732 F2d 437 Texas Farm Bureau v. United States

732 F.2d 437

84-1 USTC P 9502

TEXAS FARM BUREAU, Plaintiff-Appellee,
UNITED STATES of America, Defendant-Appellant.

No. 82-1355.

United States Court of Appeals,
Fifth Circuit.

May 21, 1984.

Glenn L. Archer, Jr., Asst. Atty. Gen., Michael L. Paup, Chief, Appellate Sec., Robert T. Duffy, Jo Ann Horn, Tax Div., Dept. of Justice, Washington, D.C., for defendant-appellant.

Peeler Williams, Jr., Waco, Tex., Hugh W. Davis, Jr., Arlington, Tex., for plaintiff-appellee.

Appeal from the United States District Court for the Western District of Texas.


(Opinion February 21, 1984, 5 Cir., 1984, 725 F.2d 307)

Before CLARK, Chief Judge, GOLDBERG and POLITZ, Circuit Judges.


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Appellee seeks rehearing on the basis that the Court's holding in this case, that the "debt versus contribution to capital" issue presents primarily a question of law, conflicts with existing Fifth Circuit authority. While we do not agree with this contention, we pause briefly to fit the holding in this case more securely into the Circuit's jurisprudence.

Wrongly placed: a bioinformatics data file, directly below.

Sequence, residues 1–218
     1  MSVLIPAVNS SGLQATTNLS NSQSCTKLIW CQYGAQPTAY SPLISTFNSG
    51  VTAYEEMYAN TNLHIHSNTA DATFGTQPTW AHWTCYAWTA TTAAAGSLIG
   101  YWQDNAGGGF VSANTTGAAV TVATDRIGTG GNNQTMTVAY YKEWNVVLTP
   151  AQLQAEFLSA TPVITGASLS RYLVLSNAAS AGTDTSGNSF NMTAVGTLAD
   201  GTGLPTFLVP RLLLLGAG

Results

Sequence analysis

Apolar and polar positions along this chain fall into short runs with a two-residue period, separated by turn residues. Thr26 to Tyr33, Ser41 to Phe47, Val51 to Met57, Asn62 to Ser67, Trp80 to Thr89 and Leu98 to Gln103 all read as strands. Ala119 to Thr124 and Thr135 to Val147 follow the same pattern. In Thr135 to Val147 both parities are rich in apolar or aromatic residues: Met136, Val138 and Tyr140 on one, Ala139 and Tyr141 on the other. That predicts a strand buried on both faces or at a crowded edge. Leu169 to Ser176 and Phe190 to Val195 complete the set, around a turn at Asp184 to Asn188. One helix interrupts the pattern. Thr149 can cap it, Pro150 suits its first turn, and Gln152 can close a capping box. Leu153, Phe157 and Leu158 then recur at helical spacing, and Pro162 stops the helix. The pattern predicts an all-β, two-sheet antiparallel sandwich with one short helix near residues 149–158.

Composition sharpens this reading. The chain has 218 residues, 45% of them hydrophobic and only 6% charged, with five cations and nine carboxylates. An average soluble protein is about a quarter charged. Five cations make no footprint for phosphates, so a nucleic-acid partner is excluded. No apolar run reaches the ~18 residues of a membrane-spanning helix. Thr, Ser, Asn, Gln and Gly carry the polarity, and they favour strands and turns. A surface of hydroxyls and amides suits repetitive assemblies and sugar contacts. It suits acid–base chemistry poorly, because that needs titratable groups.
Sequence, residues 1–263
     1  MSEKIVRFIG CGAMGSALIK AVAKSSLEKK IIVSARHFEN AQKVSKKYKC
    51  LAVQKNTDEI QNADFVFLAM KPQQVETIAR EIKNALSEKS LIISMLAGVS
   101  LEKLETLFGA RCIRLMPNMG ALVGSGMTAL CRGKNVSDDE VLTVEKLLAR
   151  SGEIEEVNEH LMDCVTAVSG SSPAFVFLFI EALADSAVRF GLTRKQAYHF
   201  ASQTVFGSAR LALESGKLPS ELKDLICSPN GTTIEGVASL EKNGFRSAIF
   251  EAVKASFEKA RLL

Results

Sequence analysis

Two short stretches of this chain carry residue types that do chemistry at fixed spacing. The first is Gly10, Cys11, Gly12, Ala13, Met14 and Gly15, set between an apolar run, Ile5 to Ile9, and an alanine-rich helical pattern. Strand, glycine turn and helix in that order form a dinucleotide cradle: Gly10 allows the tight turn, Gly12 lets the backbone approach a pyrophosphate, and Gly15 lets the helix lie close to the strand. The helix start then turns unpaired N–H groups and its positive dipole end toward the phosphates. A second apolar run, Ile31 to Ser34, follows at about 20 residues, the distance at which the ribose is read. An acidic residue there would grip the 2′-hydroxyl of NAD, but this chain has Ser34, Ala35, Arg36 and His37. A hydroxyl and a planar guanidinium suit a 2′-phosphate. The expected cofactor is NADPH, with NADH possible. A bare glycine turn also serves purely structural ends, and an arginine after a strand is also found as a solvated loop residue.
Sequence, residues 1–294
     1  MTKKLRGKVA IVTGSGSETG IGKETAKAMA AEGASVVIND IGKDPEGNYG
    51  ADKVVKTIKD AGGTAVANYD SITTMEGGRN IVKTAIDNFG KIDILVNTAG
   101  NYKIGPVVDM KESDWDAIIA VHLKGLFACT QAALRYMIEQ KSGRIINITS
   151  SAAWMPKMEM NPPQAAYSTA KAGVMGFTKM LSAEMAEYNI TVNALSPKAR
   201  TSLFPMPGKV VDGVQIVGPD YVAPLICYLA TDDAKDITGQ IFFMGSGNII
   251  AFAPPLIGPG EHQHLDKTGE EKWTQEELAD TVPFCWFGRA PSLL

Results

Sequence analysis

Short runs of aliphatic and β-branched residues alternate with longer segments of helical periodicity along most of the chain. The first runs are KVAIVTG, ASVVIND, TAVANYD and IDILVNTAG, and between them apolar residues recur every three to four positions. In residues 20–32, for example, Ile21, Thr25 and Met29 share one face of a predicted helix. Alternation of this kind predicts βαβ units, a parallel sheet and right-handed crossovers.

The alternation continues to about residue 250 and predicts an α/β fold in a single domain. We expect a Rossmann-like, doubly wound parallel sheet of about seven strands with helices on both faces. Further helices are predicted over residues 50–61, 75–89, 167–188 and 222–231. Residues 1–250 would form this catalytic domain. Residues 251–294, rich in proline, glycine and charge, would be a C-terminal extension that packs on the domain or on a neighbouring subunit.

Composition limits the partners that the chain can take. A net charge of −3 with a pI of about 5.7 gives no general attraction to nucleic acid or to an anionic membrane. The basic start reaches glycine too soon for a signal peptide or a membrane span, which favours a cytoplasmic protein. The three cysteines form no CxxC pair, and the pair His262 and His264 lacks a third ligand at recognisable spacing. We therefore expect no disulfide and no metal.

Between the time this case was argued and the time that the panel decided it, Saunders v. Commissioner of Internal Revenue, 720 F.2d 871 (5th Cir.1983) was decided. Saunders involved funds distributed by an educational trust established by an employer-corporation for the benefit of its employees' children. In that case, the Court affirmed a Tax Court finding that the funds distributed by the trust were taxable as income to the corporation's employee. Applying the "clearly erroneous" standard of review, the Court stated that, "[w]hether a certain transaction creates a creditor-debtor relationship is a question of fact for the trier of fact," and that, "[i]ntent is the determinative factor." Appellee argues that Saunders is inconsistent with the panel's holding in this case. Our view of the two cases, however, suggests otherwise.